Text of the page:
Five Things You Need to Know: Healthy & Well Contained to That Sweet Spot Somewhere Between Disaster & Denial; But Isn't All Real Estate Local?
What you need to know (and what it means)?
Minyanville's daily Five Things You Need to Know to stay ahead of the pack on Wall Street:
1. Between Disaster & Denial
Mixed numbers on the housing front this morning - by "mixed" we mean a "healthy" and "well-contained" assemblage of both "disastrous" and "not particularly good."
- Housing Starts declined 2.1% in May, according to the Commerce Department - we'll call this the "not particularly good" part of the report.
- Meanwhile, here's the "disastrous" part of the report: Building Permits rose an unexpected 3%.
- Wait, how is an unexpected rise in Building Permits disastrous? Because it's all in the headline number, which might lead some to believe things are actually getting better in housing.
- When we look inside the report we see that building permits in May for single-family homes are actually at the lowest level since July 1997.
- As well, consider the comments from Hovnanian (HOV) CEO Ara Hovnanian on Bloomberg yesterday, saying the housing market is "quite sluggish" and that he expects it to remain "challenging," which leads us to today's Number Two...
2. NAHB Index Reports More of the Same
The National Association of Homebuilders Index broke to its lowest level since 1991 (more on 1991 in Number Five).
- The NAHB's Housing Market Index fell to 28 in June - the lowest level since February 1991, and below the median forecast for a reading of 30, the NAHB reported yesterday.
- Both the readings for evaluations of current sales and evaluations of sales six-months out fell 2 points.
- The index gauging traffic of prospective buyers fell one point.
- "Builders continue to report serious impacts of tighter lending standards on current home sales as well as cancellations, and they continue to trim prices and offer a variety of nonprice incentives to work down sizable inventory positions," said NAHB President Brian Catalde, a home builder from El Segundo, California.
- Hey, that reminds me! I left my wallet in El Segundo!
3. We've Never Had it So Good!
Here's a true story for you:
January 1995. Coming off the best year I have ever experienced at the racetrack, it's the start of a new season and I'm standing in front of a mutuel window at an OTB in Kentucky watching the second race at Gulfstream Park. I have saver win money on the 7 at 78-1 and exactas using the 7 with the favored 2 horse, backed up with the 3 and the 4.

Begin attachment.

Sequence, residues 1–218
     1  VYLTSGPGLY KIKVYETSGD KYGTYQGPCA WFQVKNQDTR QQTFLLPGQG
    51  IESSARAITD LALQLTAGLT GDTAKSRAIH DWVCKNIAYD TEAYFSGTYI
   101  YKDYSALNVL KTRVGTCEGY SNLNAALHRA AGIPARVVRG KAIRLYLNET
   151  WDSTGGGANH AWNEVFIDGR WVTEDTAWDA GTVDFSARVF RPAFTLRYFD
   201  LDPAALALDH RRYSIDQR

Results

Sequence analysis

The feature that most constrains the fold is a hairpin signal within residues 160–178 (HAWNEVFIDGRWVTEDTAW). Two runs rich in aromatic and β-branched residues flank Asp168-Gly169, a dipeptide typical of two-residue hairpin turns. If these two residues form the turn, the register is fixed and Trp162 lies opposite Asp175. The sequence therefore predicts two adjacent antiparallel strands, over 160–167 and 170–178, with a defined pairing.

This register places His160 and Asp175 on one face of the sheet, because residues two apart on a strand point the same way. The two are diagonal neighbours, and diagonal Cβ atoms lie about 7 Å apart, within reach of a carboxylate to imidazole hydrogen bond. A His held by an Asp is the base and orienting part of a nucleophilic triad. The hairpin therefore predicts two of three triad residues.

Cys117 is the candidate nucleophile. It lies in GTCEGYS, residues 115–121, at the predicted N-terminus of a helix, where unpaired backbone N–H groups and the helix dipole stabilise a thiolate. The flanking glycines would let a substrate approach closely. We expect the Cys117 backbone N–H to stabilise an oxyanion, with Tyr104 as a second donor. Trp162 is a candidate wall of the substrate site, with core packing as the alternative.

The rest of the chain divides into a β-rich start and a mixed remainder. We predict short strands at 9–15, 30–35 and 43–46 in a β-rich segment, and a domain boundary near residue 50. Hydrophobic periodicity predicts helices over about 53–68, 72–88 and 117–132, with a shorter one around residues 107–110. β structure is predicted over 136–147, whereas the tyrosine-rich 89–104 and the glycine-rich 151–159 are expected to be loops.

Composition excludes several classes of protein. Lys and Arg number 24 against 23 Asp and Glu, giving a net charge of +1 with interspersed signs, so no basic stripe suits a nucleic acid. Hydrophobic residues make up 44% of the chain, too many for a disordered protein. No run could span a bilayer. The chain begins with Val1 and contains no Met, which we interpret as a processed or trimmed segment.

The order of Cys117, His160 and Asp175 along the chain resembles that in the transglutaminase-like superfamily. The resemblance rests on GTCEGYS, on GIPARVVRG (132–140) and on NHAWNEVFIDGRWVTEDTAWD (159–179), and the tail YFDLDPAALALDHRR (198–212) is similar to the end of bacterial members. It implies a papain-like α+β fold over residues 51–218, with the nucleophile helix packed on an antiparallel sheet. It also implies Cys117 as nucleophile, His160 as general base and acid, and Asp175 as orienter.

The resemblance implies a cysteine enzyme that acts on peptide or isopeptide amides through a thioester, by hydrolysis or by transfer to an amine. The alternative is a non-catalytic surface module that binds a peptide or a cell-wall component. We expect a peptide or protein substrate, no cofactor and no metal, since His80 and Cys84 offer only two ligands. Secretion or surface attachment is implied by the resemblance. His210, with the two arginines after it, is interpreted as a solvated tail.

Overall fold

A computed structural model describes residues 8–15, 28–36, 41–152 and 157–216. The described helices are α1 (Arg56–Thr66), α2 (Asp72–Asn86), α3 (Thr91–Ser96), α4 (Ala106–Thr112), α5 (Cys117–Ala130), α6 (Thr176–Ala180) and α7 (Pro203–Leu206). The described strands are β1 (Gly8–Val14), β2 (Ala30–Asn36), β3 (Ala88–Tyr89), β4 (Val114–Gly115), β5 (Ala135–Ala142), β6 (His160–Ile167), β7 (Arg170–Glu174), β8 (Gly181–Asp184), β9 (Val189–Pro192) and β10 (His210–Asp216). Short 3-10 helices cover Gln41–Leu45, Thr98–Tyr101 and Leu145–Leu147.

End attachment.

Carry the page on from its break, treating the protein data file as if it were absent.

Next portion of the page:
The race unfolds exactly as I expect and the 2 nips the 7 at the wire. That's why the win bet was a "saver." But I have the exacta covered, and so I'm watching the board waiting for the payoffs.
"I am on fire," I think to myself. "I can't lose.
Seriously, I can't lose. They're giving away money here. Giving it away." So I'm standing there in the OTB smiling to myself, draped in my special velvet invincibility cloak, taking in the sights of all the suckers and steady bad luckers tearing up tickets when the last thought I have before the payouts come back is this: "I've never had it so good." We'll come back to that thought momentarily.
The payoffs appear on the board - $5.60 for the winner, $56.40 to place for the second-place finisher. That suggests a fair exacta return of around $250. So I watch the board, waiting for the monitor to cycle around to the exacta return. It flashes up: $2 Exacta $78. What? I can't believe it. $78?! I'm furious. It's hard to cash exactas. And with the track takeout of 18% a player can't afford payoffs that come back even less than half-full. I'm cursing my luck - literally. I don't know it yet, but I am. As it turned out, that was the last ticket I cashed for the rest of the Gulfstream Park meet that year. Never had it so good? Indeed.
- Anyway, I was reminded of that story this morning when reading a Bloomberg piece about former Federal Reserve Chairman Paul Volcker who this morning was speaking at Georgetown College in Georgetown, KY.
- "The world economy, I think, in all of human history has never had it so good," Volcker said.
- In other words, we can expect to not cash another ticket for the remainder of this meet.
4. Back to Reality
Meanwhile, in reality, the fallout from a years-long surge in subprime lending is far from finished, declares USA Today in a story about the ongoing real estate reckoning.
- The article cites some numbers that may be unfamiliar to USA Today readers not following real estate closely:
- About 70% of subprime loans made in 2006 impose financial penalties on borrowers who repay or refinance early
- 50% were made on stated, not documented income
- Many included piggyback loans
- Few required borrowers to put money in escrow for taxes or insurance, leaving many unprepared for thousands of dollars in bills.
- The number of homes entering foreclosure is expected to top 1 million this year, with 60% of those being subprime mortgages, the article notes.
- True, those foreclosures represent a fraction of the mortgage market - a mere 2%.
- But other areas are beginning to feel the sting.
- On Monday, Moody's Investors Service downgraded 131 securities backed by subprime mortgages.
5. But All Real Estate is Local, Right?
That's what they keep telling us. But then, we stumble across charts like this:
- The 45-member Japan Topix Real Estate Index
- Remember the NAHB coming in at its lowest level since 1991, well the Japan Topix Real Estate Index is now at its highest level since 1991.
- And then there's China: Chinese house prices surge adds to fears on economy, the Financial Times reported today.
- Chinese housing prices rose in May by 6.4%, the fastest year-on-year monthly increase in 18 months, the story said.
- Meanwhile, in another "unrelated part of the world," the "local" real estate sector in Spain has lost about 8% since April.
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